Monday, November 5, 2012

Book Review: I Hunt Killers

GoodReads synopsis:

What if the world's worst serial killer...was your dad?

Jasper "Jazz" Dent is a likable teenager. A charmer, one might say.

But he's also the son of the world's most infamous serial killer, and for Dear Old Dad, Take Your Son to Work Day was year-round. Jazz has witnessed crime scenes the way cops wish they could—from the criminal's point of view.

And now bodies are piling up in Lobo's Nod.

In an effort to clear his name, Jazz joins the police in a hunt for a new serial killer. But Jazz has a secret—could he be more like his father than anyone knows?


            The main character in I Hunt Killers is Jasper ‘Jazz’ Dent. His father is Billy Dent, one of the novels infamous serial killers, and dear old dad raised Jazz to be just like him. For example, when most kid’s dads are teaching them to ride a bike, Jazz was learning how to cut a dog just right so he doesn’t die too quickly. So when we see Jazz for the first time, it’s not surprising that he’s hidden just inside a wooded area and he’s using a pair of binoculars to watch the Lobo’s Nod police bumble around a murder scene. It’s a bit skeevy to be sure. Especially since the murder victim, a young and pretty college girl, is lying lifeless and nude in the middle of the field. However, what is surprising is the reason why Jazz is watching. He’s looking for clues so he can catch the killer.

            As you can see, unique characters are where this story excels. Let’s start with Jazz. He really is his own worst enemy. He’s clinical and withdrawn most of the time, and struggles to keep from being that way. Lots of time he has to receipt “people matter…people are real” to himself just to resist any urges to slip into the world he’s been so trained for. Luckily for Jazz he has the help of his best friend Howie, who’s a tall and gangling hemophiliac, and his girlfriend Connie. It’s truly his relationship with these two that Jazz becomes the most human. For his best friend, Jazz gets whatever tattoo Howie wants so he can live vicariously through him. Together they’re usually up to something illegal like breaking into the sheriff’s office to examine the dead girls body for more clues. With Connie, he lets out almost all his inner demons with. She’s always there for him, listening and helping him through personal traumas, and like a lot of black girls, she doesn’t put up with any of his crap.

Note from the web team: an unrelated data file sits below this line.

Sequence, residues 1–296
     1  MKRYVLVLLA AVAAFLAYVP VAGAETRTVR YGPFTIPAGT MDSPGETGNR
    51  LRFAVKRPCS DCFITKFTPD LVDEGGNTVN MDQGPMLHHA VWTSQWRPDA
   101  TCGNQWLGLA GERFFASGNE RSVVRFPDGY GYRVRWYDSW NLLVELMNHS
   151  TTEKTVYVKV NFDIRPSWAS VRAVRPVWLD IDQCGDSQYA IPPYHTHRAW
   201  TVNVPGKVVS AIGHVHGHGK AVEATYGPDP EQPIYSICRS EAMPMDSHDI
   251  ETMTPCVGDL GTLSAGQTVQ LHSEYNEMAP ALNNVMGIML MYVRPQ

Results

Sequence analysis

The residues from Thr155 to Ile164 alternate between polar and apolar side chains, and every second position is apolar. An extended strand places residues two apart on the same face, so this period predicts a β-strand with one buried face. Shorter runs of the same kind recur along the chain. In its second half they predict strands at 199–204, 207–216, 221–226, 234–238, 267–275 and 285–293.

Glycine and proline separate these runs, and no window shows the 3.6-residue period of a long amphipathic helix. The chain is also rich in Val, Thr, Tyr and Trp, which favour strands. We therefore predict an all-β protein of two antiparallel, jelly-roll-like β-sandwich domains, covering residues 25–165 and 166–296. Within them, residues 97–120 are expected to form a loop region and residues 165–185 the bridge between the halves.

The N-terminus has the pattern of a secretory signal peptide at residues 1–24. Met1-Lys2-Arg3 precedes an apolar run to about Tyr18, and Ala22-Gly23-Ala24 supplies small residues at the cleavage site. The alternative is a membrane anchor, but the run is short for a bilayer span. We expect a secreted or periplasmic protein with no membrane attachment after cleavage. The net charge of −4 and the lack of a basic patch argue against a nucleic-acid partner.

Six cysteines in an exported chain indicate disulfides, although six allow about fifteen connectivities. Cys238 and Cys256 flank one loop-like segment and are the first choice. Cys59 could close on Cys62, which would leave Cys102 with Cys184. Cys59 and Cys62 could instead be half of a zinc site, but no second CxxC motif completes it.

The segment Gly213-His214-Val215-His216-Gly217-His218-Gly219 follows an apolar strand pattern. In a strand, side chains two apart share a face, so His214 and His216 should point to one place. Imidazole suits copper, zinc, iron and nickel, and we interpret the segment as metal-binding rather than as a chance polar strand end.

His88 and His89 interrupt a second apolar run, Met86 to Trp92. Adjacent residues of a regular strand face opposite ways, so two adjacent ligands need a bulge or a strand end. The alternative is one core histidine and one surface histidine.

Of course as good as the characters chemistry are together, there still has to be a story. There is a serial killer on the loose and against the sheriff wishes, Jazz seems to be the only one who can catch him. It’s a fairly straight forward plotline. Of course when most people think of serial killer, they think of the sociopath like Dexter from Showtime. Here’s another area where Barry Lyga’s storytelling genius comes into play. Not only does he realize that there are more than just one kind of serial killer, but he give us a small entertaining education on it.

            There is one small issue with this story though. It’s not for everyone. If I had to come up with a target audience, it would definitely be a guy book. That’s not to say that girls won’t enjoy it but if they’re more into the paranormal romances where the human girl falls for the immortal bad boy, the books not going to work. However if you’re a fan of shows like Criminal Minds and Dexter, or if you’ve ever liked a good mystery novel, then yeah, this is a great novel with a killer ending. Can’t wait for the sequel.

4.75 out of 5 stars.



  1. My 12 yo son and I both loved the book. Can't wait for the sequel.

    I thought the level of romance was great. My son skipped over those parts, but there was enough there to make me happy. And I'm very fussy when it comes to romance in YA. It has to be there.

  2. I've always thought that every novel needs a little romance in it in someway or it won't feel natural. So yes, I agree that this book had just the right amount. Too bad your son skipped it. He missed some really good character insight.